Bozeman Devastated--The Day After

Bozeman yesterday suffered a devastation downtown, when five businesses and three historic buildings on our Main Street were destroyed in a natural gas explosion and fire. Dozens more structures, businesses, and lives were impacted. I returned home immediately upon hearing, to offer any help or support I could, and I'll write more of my time at the scene, my conversations with city, state, and federal officials, but for now, here are my first statements about the event.
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Probably, many of you have seen the front pages of today's newspapers from around the state, and watched television accounts showing and reporting yesterday's devastating explosion and fire in downtown Bozeman.

But watching in person, as I did Thursday afternoon, puts an entirely different perspective on seeing hopes and dreams go up in flames for business owners, employees, and citizens alike. The scene was one of utter devastation. There was the crackle of the fire, the smell of acrid smoke, destroyed vehicles on the street, and debris everywhere. I walked around the blast site and saw pieces of girders, cinder blocks and bricks, wood beams, and glass--glass everywhere. The amount of water on the fire was simply amazing, and black water ran in the street. The scene was devastating, but the emergency response was immediate, coordinated, orderly, and unflinching.

When I flew immediately to Bozeman yesterday to see the conflagration and find out what state help might apply, my acquaintanceship was renewed with the unhesitating professionalism of those we sometimes casually call 'public safety people.'

Firefighters on the towering aerial ladders above the flames and those all around the site have trained a long time for firefighting and rescue, and did it without a second thought. The police officers and sheriffs deputies with their backs to another possible explosion shooed away spectators to a respectable distance for their own good. They take risks every day in my behalf and in yours. Workers from the natural gas company responded to attempt a fix.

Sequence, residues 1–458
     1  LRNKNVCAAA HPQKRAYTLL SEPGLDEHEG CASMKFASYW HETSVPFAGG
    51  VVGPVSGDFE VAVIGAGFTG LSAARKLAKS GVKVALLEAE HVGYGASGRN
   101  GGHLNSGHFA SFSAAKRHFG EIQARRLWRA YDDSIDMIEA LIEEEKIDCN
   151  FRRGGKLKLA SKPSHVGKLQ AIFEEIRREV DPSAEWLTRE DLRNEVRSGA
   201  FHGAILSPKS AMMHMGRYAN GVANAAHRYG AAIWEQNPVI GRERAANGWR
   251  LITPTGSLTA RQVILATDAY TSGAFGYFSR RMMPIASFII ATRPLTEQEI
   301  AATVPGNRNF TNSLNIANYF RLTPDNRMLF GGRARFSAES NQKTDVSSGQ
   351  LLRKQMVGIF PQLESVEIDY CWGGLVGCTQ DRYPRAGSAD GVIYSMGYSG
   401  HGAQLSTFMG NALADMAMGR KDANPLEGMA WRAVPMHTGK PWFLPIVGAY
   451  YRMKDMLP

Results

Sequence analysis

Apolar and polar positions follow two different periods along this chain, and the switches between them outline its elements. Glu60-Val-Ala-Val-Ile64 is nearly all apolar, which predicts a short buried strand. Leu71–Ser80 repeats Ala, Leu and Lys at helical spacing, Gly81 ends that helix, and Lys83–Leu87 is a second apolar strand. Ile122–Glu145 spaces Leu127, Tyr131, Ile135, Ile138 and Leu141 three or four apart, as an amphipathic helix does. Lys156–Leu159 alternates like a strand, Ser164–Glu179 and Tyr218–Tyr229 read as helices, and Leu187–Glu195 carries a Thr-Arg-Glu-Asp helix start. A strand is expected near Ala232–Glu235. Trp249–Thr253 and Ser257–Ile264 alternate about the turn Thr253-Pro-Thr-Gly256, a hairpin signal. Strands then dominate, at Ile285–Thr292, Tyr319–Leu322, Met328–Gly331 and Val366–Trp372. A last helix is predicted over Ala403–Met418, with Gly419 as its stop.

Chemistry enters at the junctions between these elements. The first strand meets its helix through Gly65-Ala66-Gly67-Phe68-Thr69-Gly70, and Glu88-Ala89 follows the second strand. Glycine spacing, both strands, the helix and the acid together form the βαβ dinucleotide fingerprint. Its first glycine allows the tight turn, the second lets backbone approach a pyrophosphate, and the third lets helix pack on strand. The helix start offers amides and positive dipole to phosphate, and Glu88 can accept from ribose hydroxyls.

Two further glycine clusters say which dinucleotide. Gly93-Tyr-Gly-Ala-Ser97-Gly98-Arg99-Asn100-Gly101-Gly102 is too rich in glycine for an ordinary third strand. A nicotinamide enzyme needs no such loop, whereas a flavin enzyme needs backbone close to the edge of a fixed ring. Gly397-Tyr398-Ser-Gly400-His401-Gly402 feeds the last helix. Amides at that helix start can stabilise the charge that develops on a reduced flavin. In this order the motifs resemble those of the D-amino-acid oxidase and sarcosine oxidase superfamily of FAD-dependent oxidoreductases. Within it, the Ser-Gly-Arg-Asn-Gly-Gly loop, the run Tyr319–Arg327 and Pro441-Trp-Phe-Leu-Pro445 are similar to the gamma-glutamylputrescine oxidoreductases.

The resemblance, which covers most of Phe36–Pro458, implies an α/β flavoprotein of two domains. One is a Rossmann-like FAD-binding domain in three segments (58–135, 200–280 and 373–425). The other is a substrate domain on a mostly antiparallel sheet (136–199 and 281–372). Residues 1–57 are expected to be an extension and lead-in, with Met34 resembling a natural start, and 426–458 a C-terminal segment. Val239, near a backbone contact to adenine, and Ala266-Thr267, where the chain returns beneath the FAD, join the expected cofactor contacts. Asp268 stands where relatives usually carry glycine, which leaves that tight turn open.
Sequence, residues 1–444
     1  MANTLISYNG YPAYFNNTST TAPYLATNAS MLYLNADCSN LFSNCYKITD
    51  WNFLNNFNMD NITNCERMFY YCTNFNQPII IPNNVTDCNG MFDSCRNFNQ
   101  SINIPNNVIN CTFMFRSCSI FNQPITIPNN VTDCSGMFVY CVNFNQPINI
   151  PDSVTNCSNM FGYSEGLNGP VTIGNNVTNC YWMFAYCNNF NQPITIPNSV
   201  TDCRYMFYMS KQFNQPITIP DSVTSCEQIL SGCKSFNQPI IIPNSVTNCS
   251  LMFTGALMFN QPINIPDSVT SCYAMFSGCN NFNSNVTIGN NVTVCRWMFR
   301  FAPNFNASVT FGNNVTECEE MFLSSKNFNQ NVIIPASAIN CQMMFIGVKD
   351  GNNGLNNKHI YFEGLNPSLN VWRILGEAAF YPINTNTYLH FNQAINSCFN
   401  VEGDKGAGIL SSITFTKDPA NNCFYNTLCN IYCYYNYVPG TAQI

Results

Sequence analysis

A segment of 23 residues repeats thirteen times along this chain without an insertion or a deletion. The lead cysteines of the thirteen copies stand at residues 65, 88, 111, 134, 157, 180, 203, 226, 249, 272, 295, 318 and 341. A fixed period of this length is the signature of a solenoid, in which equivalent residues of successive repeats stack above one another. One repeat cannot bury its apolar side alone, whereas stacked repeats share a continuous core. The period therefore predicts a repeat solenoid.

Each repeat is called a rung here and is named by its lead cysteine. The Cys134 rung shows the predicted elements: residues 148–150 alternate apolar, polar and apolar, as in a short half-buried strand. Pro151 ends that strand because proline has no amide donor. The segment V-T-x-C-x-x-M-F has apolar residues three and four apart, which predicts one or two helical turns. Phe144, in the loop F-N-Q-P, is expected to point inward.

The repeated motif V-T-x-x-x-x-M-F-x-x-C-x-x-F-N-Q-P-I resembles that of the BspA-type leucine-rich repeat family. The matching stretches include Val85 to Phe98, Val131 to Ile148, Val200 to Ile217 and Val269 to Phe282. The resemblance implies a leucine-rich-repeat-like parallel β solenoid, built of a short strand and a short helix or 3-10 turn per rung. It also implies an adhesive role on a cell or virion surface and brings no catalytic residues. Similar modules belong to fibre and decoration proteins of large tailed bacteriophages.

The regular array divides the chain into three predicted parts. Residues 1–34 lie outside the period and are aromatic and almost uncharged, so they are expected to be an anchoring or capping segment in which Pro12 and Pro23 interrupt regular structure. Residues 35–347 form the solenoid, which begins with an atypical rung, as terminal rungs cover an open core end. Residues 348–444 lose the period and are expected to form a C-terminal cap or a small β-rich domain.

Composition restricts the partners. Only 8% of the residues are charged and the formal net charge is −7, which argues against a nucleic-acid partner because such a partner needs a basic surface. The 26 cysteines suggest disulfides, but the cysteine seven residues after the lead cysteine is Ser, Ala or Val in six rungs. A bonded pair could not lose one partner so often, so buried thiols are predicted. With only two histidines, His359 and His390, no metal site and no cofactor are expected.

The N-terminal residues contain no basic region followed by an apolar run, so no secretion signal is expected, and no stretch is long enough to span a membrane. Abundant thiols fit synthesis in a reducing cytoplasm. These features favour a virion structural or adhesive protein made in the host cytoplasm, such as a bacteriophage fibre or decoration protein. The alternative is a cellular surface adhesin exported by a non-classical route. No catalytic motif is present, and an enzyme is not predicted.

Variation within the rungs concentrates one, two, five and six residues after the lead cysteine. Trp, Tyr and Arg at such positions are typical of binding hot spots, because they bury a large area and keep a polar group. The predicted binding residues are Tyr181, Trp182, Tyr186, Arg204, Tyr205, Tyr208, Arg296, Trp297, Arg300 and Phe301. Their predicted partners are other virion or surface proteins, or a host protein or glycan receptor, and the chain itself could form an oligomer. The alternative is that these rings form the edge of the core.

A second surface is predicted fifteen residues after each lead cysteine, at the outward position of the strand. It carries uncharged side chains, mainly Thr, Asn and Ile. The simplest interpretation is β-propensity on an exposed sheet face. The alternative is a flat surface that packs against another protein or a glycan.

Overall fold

Our National Guard is on the scene helping to secure the site of the explosion and the businesses and blocks around the site, and I am grateful for such a fine and responsive force in my city's time of need. Our emergency responders, city, state, and federal, all have come together to handle this emergency. NorthWestern Energy workers were on the scene about an hour after the explosion, tearing up the alley on the affected block to install stoppage valves in the natural gas line. It took them 17 1/2 hours to get the gas shut off.

My deepest thanks to all such public safety and public utility workers who do these things at every emergency without a flinch. They're great.

It also was gratifying to witness the instant response of city government, smoothly putting into action its well-thought-out plan for handling disasters. Their planning for various emergency scenarios covered every base.

This terrible accident may well be the largest property damage disaster in Bozeman history. Our city has been devastated structurally, historically, economically, and socially. And of course my heart goes out to the family and friends of the person still unaccounted for in this tragedy.

Bozeman's downtown is a real gem among Montana city centers. That mercantile vibrancy is testament to the hard work and investment of its store owners and workers, who are remarkably successful at attracting and holding repeat buyers week after week, year after year.

Bozeman will recover because of the can-do attitude and resilience of the shopkeepers there. I should point out that other store owners around town started calling the victims of this disaster right away, offering help of any kind. Downtown business owners worried for their own shops came to city hall to ask how they could help others affected by the blast, immediately. That's the kind of town it is.

Finally, thank you for your prayers and sympathies. Montana Legislatures past and present have also played a key role, helping to provide things like the public safety services, planning funds and expertise, highway money, safety regulations, unemployment benefits and the myriad of government services that come into play during such awful events.

This event will impact us deeply in the days, months, and years to come. Bozeman has changed, but I ask for your help as we move forward through this emergency.


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